Newspaper article The Christian Science Monitor

Impatience Deepens in South Korea over Cheonan Ship Sinking

Newspaper article The Christian Science Monitor

Impatience Deepens in South Korea over Cheonan Ship Sinking

Article excerpt

Speculation has continued to rage in South Korea as weather has delayed recovery of 46 sailors still missing in the Cheonan ship sinking. South Korean minesweeping vessels arrived at the site on Sunday evening.

South Korean media continued to speculate Thursday about what caused the Cheonan warship to sink near the border with North Korea last week, as authorities called off efforts to find missing sailors for a second day due to weather. Some reports cited satellite footage of a North Korean submarine disappearing and then reappearing around the time the Cheonan sunk last Friday as possible evidence of the North's involvement. Officials, however, said the activity was normal. High-ranking military officials also dismissed as "unfounded" a claim by the head of parliament's defense committee that four North Korean semi-submersibles had crossed into South Korean territory, reports the Chosun Ilbo, a major daily. The Kyunghyang Sinmun, an influential liberal newspaper, quoted experts raising the possibility that structural "fatigue failure" caused the ship to split in two. An explosion powerful enough to halve the 1,200 ton Cheonan would have been extremely loud, but no such sound was heard by guards or residents near the coast, the paper said.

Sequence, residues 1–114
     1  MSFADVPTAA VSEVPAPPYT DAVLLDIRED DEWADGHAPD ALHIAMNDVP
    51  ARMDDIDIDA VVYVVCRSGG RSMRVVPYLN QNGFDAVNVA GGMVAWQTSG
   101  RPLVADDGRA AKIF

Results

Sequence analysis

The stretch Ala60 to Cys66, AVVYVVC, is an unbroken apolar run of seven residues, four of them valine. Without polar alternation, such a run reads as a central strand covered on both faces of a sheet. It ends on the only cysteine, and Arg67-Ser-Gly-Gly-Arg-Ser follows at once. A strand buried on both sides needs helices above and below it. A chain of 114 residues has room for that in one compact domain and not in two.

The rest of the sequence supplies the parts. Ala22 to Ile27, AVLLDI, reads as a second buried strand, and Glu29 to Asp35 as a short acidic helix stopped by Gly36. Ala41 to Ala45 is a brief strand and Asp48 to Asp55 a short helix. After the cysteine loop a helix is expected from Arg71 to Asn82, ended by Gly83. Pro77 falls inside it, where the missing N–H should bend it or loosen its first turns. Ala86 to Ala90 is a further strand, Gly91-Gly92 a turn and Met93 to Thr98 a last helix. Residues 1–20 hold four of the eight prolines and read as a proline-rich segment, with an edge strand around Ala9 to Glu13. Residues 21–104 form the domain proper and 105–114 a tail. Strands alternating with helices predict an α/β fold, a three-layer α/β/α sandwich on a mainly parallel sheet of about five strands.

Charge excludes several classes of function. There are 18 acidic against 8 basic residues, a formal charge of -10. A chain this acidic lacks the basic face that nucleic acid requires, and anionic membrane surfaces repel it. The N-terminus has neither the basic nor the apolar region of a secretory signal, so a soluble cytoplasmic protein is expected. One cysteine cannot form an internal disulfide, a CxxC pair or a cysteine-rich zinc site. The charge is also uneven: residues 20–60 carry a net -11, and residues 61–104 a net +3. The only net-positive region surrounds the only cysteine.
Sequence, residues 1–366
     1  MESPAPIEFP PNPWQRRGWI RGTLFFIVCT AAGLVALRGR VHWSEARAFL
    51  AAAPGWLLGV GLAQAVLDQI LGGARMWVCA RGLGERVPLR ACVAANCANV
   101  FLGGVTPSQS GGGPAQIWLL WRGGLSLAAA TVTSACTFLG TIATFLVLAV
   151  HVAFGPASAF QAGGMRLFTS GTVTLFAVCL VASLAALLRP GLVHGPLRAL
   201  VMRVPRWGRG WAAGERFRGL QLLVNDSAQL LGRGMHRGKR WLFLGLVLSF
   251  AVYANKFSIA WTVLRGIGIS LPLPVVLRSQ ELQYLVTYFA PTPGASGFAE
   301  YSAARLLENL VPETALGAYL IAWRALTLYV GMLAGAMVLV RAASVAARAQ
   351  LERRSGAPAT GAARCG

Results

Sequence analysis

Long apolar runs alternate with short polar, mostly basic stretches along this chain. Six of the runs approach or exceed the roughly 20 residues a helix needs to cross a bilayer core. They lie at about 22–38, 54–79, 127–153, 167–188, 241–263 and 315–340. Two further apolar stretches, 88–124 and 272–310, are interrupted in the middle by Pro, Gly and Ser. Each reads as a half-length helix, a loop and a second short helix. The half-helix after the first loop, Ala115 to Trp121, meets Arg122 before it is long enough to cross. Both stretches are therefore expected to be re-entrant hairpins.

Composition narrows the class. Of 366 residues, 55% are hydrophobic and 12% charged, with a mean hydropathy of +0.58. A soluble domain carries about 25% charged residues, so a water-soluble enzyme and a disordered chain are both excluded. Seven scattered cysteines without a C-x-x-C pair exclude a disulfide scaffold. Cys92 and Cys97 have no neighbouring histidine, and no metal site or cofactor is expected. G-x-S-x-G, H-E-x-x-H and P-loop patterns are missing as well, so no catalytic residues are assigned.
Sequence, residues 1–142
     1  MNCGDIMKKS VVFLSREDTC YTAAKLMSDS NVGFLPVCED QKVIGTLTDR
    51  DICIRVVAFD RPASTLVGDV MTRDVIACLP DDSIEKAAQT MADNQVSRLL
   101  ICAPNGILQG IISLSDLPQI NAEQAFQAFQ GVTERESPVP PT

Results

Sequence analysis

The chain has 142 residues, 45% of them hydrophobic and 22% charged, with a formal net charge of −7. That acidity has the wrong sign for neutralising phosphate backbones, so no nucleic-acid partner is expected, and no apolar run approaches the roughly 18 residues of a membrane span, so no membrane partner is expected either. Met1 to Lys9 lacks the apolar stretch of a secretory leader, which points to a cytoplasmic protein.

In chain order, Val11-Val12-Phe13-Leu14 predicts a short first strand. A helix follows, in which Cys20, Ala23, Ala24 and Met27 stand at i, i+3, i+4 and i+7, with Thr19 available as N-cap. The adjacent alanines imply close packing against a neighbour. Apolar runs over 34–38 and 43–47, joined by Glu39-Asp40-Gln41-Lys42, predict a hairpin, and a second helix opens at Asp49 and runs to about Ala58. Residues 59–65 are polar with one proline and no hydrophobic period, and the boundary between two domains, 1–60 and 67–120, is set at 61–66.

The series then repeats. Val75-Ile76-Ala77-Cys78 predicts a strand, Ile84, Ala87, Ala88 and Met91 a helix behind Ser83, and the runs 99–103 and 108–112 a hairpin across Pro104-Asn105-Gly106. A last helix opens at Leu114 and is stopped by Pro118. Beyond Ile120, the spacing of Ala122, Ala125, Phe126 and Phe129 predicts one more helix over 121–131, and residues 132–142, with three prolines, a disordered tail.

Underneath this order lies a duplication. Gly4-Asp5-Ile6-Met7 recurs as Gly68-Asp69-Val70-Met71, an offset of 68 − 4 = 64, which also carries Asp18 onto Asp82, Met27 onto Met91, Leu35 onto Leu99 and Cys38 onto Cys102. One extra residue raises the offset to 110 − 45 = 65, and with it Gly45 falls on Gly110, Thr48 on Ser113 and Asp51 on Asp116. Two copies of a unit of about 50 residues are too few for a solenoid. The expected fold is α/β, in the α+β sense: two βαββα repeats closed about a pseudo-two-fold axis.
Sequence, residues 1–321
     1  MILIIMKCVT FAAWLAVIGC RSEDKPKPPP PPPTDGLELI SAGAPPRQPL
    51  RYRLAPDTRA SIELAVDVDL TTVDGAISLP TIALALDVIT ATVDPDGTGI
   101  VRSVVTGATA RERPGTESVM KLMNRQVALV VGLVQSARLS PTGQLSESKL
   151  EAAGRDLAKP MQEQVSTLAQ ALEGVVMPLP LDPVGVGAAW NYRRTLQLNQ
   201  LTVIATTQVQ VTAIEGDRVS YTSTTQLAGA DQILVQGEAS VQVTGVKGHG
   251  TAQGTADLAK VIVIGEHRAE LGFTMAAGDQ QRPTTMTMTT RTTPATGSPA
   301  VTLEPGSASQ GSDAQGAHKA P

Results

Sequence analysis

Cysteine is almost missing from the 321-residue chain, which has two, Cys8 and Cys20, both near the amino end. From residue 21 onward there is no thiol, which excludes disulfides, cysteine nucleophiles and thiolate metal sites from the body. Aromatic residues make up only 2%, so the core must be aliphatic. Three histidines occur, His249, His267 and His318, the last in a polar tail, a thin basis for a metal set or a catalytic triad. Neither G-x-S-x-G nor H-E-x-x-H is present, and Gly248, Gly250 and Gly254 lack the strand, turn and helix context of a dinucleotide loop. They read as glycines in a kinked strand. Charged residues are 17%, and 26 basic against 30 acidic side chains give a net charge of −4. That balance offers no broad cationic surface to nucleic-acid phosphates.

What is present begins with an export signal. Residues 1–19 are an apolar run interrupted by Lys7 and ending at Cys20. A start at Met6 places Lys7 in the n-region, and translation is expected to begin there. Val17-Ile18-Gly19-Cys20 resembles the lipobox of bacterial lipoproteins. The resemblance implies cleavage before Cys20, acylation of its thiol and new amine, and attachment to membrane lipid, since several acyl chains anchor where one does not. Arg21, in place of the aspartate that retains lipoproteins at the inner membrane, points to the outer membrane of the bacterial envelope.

Other reports said structural failure was extremely unlikely.

Minesweepers dispatched

Investigating the possibility that a North Korean mine might have sunk the Cheonan, the South Korean Navy dispatched the Yang Yang and Woong Jin minesweeping vessels on Saturday, according to a Joint Chiefs of Staff official. The ships arrived near the scene of the incident late Sunday night.

"At the moment, there is not enough hard evidence to indicate the cause behind the Cheonan's sinking," says Mingi Hyun, a Korean- American research fellow at the Korea Institute for Maritime Strategy. …

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